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The Airbus A380 is the world’s largest commercial jet, and has now been flying with airlines for ten years. If you’ve ever flown one, you know it’s an incredible plane, not only for its size, but also in its passenger comfort.

The superjumbo, known as “The Whalejet” by aviation geeks, has brought on some of the most innovative and luxurious designs ever found on commercial planes. For example, Emirates was the first to install showers aboard its A380s for first-class passengers. Etihad installed a super-size suite, knows as The Residence, and most, if not all A380 operators have some form of walk-up lounge or bar for their premium passengers.

Airbus A380 Cabin Enablers. Image courtesy Airbus
Airbus A380 cabin enablers. Image courtesy of Airbus.

At this year’s Aircraft Interiors Expo (AIX) in Hamburg, Germany, Airbus announced some conceptual design changes called “cabin enablers” that would allow carriers to fit up to 80 more seats inside the Whalejet. The biggest and most noticeable change would be the removal of the wide Grand Staircase at the very front of the cabin. The forward staircase would be moved farther back into the cabin and replaced by a more compact staircase like the one you’d find on a Boeing 747, where you walk up halfway, turn and then walk up the rest of the way.

Airbus is calling this version of the A380 “NFS,” for New Forward Stairs. Dr. Kiran Rao, EVP of Strategy and Marketing at Airbus Commercial Aircraft, said, “Continuous improvement of our products is our daily work. This new package for our A380 customers is a smart way to meet airline needs while improving the A380 economics with additional revenues and innovating in passenger comfort.”

Dr. Rao added, “Only the A380 has the economies of scale and development potential to efficiently solve the problem of increasing congestion at large airports while providing the best comfort for passengers. The aircraft can also serve fast growing markets and airlines regional airports, so we are adapting the aircraft to meet evolving market needs.”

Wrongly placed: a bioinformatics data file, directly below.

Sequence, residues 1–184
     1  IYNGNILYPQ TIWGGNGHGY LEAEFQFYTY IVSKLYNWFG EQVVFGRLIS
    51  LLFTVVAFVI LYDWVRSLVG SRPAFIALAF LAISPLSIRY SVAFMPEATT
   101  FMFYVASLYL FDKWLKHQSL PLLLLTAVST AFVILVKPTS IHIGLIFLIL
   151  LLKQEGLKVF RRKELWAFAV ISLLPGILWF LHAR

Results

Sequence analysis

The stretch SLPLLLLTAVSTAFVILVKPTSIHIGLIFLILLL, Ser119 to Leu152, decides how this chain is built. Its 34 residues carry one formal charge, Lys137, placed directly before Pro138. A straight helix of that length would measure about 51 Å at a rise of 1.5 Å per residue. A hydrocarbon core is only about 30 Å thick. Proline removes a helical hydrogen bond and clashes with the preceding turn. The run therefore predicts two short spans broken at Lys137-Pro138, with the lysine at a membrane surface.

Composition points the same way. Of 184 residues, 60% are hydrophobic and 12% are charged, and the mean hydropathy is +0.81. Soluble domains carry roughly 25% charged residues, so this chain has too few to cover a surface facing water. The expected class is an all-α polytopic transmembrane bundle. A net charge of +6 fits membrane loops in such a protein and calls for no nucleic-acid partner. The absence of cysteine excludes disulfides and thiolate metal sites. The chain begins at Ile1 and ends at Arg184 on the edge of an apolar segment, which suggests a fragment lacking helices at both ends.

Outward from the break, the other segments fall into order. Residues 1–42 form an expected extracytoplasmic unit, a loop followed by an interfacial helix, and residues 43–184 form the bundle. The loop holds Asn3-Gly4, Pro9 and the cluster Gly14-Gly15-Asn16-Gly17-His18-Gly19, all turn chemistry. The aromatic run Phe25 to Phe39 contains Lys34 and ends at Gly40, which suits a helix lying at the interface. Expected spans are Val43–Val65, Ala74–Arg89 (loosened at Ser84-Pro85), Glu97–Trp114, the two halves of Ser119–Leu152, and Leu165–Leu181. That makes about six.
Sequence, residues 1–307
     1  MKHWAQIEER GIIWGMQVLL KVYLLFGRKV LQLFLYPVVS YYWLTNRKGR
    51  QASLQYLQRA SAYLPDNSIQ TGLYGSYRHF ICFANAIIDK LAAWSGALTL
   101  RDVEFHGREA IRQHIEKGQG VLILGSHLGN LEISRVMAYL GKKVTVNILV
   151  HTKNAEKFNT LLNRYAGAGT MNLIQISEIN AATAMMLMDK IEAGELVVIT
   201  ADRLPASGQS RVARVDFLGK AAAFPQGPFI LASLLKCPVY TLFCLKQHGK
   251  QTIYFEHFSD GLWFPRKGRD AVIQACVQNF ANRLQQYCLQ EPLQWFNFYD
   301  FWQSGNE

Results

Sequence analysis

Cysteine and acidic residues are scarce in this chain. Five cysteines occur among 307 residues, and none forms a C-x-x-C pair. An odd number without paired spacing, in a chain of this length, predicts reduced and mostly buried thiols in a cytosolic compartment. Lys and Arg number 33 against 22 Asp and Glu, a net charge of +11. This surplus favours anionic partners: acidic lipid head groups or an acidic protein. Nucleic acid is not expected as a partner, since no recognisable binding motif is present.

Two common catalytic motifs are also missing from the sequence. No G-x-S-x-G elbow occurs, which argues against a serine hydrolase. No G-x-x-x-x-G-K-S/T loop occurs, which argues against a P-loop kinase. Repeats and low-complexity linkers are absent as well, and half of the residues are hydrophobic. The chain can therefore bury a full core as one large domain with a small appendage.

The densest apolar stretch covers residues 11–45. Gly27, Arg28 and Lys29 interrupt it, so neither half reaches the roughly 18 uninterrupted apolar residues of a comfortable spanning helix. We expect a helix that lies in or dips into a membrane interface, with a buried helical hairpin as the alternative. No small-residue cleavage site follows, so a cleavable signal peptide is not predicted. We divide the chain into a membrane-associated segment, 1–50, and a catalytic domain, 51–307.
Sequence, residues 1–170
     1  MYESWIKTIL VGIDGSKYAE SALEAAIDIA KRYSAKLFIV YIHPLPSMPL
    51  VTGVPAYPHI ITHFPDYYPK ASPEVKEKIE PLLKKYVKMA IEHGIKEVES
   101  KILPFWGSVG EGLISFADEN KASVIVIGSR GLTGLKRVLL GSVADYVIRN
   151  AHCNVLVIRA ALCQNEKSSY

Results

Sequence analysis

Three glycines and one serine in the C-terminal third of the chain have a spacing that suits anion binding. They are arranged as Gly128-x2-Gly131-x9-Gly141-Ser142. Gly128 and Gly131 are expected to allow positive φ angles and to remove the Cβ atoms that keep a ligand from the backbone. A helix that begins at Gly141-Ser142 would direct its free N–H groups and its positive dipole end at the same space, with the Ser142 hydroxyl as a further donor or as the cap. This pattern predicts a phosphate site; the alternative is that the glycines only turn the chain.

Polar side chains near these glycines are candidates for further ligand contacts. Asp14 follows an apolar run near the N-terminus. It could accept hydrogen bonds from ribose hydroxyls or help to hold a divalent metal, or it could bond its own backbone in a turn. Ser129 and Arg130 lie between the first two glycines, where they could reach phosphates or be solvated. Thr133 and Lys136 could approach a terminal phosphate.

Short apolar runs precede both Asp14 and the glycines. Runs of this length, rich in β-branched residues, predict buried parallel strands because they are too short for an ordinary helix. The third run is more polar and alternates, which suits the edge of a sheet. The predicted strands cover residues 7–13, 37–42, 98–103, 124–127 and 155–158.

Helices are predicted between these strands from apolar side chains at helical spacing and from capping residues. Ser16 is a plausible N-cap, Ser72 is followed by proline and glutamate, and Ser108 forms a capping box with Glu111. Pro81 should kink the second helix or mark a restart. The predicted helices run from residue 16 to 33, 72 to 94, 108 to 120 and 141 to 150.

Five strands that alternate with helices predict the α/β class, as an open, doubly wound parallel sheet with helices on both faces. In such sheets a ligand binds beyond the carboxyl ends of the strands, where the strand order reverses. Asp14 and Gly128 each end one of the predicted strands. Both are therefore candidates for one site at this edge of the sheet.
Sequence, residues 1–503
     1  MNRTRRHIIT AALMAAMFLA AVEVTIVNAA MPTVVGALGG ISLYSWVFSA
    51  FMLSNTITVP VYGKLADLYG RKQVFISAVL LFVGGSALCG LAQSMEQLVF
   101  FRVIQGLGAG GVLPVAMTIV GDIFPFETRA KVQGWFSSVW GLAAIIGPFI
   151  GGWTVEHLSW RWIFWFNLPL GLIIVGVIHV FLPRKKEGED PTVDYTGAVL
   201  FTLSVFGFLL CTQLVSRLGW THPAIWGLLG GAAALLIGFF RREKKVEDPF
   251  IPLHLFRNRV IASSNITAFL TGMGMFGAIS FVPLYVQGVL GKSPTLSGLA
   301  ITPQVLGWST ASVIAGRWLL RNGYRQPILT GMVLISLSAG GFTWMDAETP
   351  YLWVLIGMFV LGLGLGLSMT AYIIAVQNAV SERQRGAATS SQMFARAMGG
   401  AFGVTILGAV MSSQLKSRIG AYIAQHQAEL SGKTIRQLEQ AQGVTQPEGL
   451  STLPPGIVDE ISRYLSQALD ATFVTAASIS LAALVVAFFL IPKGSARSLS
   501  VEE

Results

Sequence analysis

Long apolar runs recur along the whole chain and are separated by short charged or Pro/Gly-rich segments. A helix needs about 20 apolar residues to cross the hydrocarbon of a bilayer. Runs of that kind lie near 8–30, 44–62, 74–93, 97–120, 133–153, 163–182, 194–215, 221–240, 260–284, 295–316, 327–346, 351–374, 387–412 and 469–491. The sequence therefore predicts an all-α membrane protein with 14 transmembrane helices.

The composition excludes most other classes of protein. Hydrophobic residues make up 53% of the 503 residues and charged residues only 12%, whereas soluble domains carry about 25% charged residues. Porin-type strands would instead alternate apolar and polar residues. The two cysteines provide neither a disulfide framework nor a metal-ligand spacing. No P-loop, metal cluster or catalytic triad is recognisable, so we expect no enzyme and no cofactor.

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The new Airbus A380 forward staircase, as seen at the Aircraft Interiors Expo.

Airbus is also offering 11-abreast seating in the economy section of the A380, in a 3-5-3 configuration. It has managed to keep the same 18 inch-wide seats by narrowing the aisles to 17 inches, and removing storage along the sidewalls of the aircraft. “We stay with all of the same comfort elements that the A380 is proud of,” said Ingo Wuggetzer, VP of Cabin Marketing. “Greatest ambience, greatest space for business. All that is continued as we optimize monuments. We add about 25 square meters (269 square feet) of space of the aircraft that you can use for those additional seats.”

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Airbus originally had grandiose plans for even larger A380 versions, but couldn’t find enough airline customers to make the development cost worthwhile. Even the current version — the A380-800 — is struggling to find new orders. There are only 107 A380s left in Airbus’ order backlog, and many think the program may be on its last legs. There just aren’t many airlines who desire a four-engined high-capacity plane these days. Boeing has faced the same struggle with its venerable 747. The A380 is also limited by the number of airports that can accommodate a plane of such size.

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Qatar Airways Airbus A380, at the 2015 Dubai Air Show. Image by the author.

The A380 can be found flying with many of the world’s largest and best-known airlines, including Air France, British Airways, China Southern, Emirates, Etihad, Korean Air, Lufthansa, Malaysia Airlines, Qatar Airways, Singapore Airlines and Thai Airways. No US-based airlines fly the A380. Emirates has by far the largest A380 fleet in the world, having taken delivery of 94 of the 210 delivered so far. Some of Emirates’ A380s hold up to 615 passengers, with 557 economy seats and 58 business-class seats. The average A380 currently holds about 497 seats in a standard three-class configuration.

Would you consider flying in 3-5-3 economy?

Featured image courtesy of the author.

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